[noise] Alice and Bob (was Re: NoiseSocket and "reversed" protocols)
trevp at trevp.net
Thu Nov 9 11:34:53 PST 2017
On Thu, Nov 9, 2017 at 3:05 PM, David Wong <davidwong.crypto at gmail.com> wrote:
>>> However, some situations might require "branching" (negotiating
>>> protocol versions or crypto choices; 0-RTT fallback).
> Isn't "crypto choices" something we want to avoid?
Yes! I think runtime complexity should be avoided if possible
(parsing, negotiation, etc).
But some is a necessary evil (protocols and crypto choices will evolve
over time; 0-RTT will sometimes fail; there are situations where
agility makes sense).
So composing simple/linear Noise protocols into compound/branching
protocols is probably something we have to deal with.
> agl posted about
> this in what he calls "crypto agility" (this might have been discussed
> on the list before but I missed that :D)
Yeah that's a great essay:
My take is that he advocates "extensibility" (being able to deploy
changes over time without breaking old implementations), but not
"agility" (having lots of options at a single point in time).
So I see extensibility as a mechanism, and agility as a philosophy of
using that mechanism.
I think we're all in opposition to the "kitchen-sink" agility of 1990s
protocols, but I can think of cases where limited agility makes sense:
* A server supporting AESGCM for clients with HW acceleration or
ChaChaPoly for clients without.
* A server supporting 448+Kyber for more powerful clients and 25519
for constrained devices.
Regardless, I think the "extensibility" mechanism needed for "agility"
is the same mechanism needed to support protocol changes over time
(e.g. migrating from older to newer crypto), so it's the mechanism we
need to tackle. We can leave questions of "agility philosophy" for
higher-level designers using the mechanism.
>>> In a "compound protocol", it's not clear how to handle the roles of
>>> "initiator" and "responder". For example, if the client initiates a
>>> connection to the server and sends an IK message that the server can't
>>> decrypt, the server will be "initiating" the XXfallback. But since
>>> initiator-sent messages are notated with right-pointing arrows,
>>> reading IK and XXfallback back-to-back would be confusing if we didn't
>>> do something to prevent the client<->server message direction from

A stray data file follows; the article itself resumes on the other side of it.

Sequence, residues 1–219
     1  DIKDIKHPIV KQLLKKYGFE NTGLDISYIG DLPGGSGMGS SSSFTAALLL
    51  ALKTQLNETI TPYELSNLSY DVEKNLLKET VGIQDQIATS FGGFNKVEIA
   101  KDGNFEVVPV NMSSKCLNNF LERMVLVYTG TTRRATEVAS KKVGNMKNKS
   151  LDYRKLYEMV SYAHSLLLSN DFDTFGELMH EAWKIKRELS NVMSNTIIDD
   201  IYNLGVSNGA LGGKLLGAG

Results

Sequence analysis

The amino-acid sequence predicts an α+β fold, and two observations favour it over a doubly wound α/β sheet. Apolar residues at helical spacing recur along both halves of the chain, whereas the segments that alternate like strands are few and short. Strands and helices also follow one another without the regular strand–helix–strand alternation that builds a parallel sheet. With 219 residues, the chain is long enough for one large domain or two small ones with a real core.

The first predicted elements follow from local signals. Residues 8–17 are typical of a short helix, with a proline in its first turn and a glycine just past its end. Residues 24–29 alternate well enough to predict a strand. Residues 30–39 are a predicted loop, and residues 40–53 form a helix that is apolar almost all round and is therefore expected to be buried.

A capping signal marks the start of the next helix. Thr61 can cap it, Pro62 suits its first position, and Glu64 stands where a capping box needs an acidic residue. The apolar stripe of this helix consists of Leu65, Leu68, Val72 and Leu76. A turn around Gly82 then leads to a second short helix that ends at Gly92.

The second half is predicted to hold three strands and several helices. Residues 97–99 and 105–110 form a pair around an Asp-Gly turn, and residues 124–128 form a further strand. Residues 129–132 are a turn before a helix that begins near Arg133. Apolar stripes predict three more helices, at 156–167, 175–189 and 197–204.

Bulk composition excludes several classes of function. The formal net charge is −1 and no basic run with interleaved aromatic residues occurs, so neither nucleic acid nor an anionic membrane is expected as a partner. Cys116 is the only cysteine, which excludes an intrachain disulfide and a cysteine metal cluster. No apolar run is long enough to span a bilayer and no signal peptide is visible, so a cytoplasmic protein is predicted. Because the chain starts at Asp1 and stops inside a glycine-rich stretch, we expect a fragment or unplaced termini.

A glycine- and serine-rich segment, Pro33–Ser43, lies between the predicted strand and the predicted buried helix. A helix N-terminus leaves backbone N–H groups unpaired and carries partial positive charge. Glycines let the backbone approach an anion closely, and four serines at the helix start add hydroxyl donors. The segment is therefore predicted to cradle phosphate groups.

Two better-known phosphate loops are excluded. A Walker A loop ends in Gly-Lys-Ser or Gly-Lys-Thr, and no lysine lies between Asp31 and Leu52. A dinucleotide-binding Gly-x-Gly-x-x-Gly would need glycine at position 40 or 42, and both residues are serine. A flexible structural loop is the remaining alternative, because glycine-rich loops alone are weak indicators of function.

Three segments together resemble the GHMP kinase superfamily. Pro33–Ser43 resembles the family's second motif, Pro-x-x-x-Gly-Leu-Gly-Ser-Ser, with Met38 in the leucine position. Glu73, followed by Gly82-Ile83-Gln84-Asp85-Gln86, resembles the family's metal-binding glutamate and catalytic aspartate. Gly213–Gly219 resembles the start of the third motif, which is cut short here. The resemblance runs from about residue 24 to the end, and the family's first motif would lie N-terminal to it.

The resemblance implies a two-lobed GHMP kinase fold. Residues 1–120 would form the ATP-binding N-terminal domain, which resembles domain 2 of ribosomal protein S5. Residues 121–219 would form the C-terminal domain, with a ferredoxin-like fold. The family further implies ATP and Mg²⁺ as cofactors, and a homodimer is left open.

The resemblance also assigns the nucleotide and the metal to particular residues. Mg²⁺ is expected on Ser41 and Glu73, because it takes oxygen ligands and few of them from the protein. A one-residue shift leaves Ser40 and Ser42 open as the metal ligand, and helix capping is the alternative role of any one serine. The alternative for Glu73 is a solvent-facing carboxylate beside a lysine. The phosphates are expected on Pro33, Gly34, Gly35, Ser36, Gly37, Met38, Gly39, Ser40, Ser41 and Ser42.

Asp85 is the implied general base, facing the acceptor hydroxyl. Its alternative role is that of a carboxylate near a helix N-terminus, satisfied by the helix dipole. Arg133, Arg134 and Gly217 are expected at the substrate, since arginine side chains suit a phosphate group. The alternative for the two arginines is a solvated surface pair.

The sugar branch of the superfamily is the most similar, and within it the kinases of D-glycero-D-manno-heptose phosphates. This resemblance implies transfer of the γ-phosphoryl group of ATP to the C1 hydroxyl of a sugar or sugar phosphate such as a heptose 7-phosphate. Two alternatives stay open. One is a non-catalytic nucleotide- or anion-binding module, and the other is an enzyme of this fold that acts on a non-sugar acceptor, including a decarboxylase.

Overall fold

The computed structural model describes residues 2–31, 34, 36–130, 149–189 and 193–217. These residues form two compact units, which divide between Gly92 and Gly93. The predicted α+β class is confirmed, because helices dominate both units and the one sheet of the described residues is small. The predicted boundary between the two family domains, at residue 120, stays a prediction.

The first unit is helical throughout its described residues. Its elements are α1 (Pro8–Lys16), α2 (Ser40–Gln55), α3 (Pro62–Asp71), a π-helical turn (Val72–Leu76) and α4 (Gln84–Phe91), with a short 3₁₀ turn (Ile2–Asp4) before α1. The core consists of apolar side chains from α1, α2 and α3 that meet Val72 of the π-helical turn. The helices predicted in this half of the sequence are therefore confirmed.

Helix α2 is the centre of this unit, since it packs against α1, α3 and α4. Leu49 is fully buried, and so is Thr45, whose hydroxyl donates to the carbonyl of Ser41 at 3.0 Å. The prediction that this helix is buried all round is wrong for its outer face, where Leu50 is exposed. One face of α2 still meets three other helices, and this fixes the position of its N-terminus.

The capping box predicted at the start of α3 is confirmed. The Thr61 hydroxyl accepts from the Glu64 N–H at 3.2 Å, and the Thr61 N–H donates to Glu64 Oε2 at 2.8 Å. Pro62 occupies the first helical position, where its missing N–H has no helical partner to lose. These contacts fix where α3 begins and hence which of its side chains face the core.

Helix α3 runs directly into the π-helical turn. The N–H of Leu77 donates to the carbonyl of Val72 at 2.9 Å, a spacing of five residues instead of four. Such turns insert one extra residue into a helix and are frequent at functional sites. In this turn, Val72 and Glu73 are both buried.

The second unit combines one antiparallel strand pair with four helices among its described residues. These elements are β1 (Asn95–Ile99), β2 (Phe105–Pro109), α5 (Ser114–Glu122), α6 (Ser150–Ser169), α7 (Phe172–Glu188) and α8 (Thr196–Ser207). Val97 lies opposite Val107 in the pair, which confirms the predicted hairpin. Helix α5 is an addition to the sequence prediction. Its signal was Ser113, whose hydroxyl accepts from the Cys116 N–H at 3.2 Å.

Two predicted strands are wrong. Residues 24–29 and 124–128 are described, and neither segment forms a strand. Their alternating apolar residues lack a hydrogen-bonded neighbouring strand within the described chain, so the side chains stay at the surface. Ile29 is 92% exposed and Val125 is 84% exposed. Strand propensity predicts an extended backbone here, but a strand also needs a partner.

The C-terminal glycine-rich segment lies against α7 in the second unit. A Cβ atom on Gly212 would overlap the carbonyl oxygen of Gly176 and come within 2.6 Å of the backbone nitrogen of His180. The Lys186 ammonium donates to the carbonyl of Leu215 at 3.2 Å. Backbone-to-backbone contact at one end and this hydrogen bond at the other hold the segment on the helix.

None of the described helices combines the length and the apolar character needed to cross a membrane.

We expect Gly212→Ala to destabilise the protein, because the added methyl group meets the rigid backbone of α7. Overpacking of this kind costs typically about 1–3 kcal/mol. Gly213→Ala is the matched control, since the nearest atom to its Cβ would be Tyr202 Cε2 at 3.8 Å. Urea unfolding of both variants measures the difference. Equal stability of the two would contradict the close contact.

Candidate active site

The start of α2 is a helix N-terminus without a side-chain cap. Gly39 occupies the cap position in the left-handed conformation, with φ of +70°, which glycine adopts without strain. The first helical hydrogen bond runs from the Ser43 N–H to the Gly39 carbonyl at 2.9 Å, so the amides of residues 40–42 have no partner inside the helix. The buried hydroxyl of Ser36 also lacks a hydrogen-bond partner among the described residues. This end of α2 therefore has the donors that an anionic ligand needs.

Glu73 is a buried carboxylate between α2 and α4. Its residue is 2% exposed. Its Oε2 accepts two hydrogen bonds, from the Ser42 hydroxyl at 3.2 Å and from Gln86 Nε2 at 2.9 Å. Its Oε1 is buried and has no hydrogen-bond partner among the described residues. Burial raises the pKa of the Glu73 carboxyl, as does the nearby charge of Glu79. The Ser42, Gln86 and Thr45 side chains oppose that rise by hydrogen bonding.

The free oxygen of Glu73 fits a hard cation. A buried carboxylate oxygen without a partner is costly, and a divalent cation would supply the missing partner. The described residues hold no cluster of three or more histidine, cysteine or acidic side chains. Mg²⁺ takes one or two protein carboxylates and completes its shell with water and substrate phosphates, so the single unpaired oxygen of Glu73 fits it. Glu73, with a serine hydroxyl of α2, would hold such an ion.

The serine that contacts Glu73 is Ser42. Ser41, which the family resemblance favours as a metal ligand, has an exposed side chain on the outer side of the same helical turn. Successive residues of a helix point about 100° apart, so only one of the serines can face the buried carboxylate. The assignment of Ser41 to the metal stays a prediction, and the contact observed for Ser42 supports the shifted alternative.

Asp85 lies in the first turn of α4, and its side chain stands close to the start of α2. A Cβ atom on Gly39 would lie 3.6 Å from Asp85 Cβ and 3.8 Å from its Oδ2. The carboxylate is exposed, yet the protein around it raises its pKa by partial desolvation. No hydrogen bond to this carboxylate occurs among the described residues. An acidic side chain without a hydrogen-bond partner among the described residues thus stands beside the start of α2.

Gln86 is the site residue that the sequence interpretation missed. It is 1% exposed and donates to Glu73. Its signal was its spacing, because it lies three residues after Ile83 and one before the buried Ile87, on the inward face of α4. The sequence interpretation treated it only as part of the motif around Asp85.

> Why not just have the server send some "retry-with-protocol-X"
> message, which will make the client re-start a new handshake with a
> different pattern.
> This is what TLS 1.3 does at the moment, the server sends a hello
> retry request if it's not satisfied with the client hello, and the
> handshake basically restarts. It's a penalty but it keeps things
> simple and easy to analyze.
A "retry request" is not a great alternative to IK/XXfallback ("Noise
Pipes"), since it adds a whole round-trip in the case that the server
fails to decrypt the 0-RTT data.
It's also *not* how TLS 1.3 always handles this - a TLS 1.3 server
that fails to decrypt the 0-RTT data can transition into a full
handshake using the client ephemeral (if it is present), just like
If the server rejects the client ephemeral (because the server prefers
448 over 25519, for example), then a "retry request" is a simple way
to handle this, and this is what's in TLS 1.3 and the current
While that's simple, it's a bit inefficient to use the server's
response solely for a "retry request". If the server is willing to
send an ephemeral and identity public key in the clear, then we can
get more out of the server's response.
This is why I'm comparing NX/retry-request/NX with NX/IN. Here are
the patterns (IN is presented with Bob as initiator):
<- e, ee, s, es
<- e, s
-> e, ee, es
Here are transcripts of the "compound protocols" where the server
rejects the first ephemeral. With the retry-request, Alice needs 2
round-trips before sending encrypted data, but with NX/IN she only
NX / retry / NX:
-> e 
<- retry request
-> e 
<- e, ee, s, es
-> e 
<- e, s 
-> e, ee, es
There's certainly an argument that "retry-request" is better - it's
simpler, this is a perhaps a rare case, and the security properties of
the NX/IN initial encryption are subtly weaker.
However I think the NX/IN combination is reasonable, so we should have
a language for describing this (and perhaps other cases like it). And
I think being able to talk about (and compose) Alice-initiated and
Bob-initiated patterns might get us there.
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